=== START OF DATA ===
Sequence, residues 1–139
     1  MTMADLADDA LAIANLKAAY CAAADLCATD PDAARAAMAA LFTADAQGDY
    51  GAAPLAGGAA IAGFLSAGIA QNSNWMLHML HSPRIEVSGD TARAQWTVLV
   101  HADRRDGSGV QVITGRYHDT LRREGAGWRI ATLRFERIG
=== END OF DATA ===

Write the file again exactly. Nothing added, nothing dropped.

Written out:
Sequence, residues 1–139
     1  MTMADLADDA LAIANLKAAY CAAADLCATD PDAARAAMAA LFTADAQGDY
    51  GAAPLAGGAA IAGFLSAGIA QNSNWMLHML HSPRIEVSGD TARAQWTVLV
   101  HADRRDGSGV QVITGRYHDT LRREGAGWRI ATLRFERIG